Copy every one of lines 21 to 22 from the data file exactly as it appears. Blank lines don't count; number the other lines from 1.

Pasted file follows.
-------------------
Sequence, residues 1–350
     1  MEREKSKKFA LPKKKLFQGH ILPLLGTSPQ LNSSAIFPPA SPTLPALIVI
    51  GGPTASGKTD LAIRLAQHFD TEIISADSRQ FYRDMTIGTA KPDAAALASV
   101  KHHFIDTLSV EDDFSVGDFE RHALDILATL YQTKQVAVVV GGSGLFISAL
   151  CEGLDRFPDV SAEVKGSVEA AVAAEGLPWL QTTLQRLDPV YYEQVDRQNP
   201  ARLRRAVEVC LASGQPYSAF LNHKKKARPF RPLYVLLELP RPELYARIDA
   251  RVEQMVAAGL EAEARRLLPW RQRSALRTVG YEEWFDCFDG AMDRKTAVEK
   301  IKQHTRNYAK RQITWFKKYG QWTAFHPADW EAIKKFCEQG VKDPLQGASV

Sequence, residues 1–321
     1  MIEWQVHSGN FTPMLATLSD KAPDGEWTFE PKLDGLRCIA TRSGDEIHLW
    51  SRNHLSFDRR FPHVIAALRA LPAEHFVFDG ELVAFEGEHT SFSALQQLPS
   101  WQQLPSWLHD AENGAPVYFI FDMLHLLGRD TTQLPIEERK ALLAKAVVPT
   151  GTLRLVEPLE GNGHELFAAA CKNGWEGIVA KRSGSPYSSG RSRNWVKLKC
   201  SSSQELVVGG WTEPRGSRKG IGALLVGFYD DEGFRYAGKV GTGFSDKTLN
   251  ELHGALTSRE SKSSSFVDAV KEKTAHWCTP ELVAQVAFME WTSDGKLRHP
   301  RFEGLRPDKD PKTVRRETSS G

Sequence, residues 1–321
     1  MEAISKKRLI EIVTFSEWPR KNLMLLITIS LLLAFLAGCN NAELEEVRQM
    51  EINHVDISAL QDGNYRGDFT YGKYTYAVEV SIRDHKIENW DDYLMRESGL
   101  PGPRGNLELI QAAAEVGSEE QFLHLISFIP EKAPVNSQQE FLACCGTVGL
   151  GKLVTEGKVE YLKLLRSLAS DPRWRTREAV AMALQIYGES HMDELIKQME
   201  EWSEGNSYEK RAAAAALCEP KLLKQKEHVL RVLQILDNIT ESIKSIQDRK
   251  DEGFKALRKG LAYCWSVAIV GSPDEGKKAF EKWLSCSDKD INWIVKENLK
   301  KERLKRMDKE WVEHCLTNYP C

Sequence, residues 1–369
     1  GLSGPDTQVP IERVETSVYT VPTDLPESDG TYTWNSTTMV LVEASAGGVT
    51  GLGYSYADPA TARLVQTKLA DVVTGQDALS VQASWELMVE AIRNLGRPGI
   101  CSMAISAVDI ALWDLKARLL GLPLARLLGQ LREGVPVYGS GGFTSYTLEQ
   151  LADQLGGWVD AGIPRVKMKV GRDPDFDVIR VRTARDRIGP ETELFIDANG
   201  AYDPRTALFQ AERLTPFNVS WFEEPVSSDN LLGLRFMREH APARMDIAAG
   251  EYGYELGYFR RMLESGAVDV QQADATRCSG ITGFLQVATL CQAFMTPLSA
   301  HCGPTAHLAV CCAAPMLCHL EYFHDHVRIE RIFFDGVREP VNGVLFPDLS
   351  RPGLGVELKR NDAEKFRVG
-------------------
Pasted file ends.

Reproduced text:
   151  GKLVTEGKVE YLKLLRSLAS DPRWRTREAV AMALQIYGES HMDELIKQME
   201  EWSEGNSYEK RAAAAALCEP KLLKQKEHVL RVLQILDNIT ESIKSIQDRK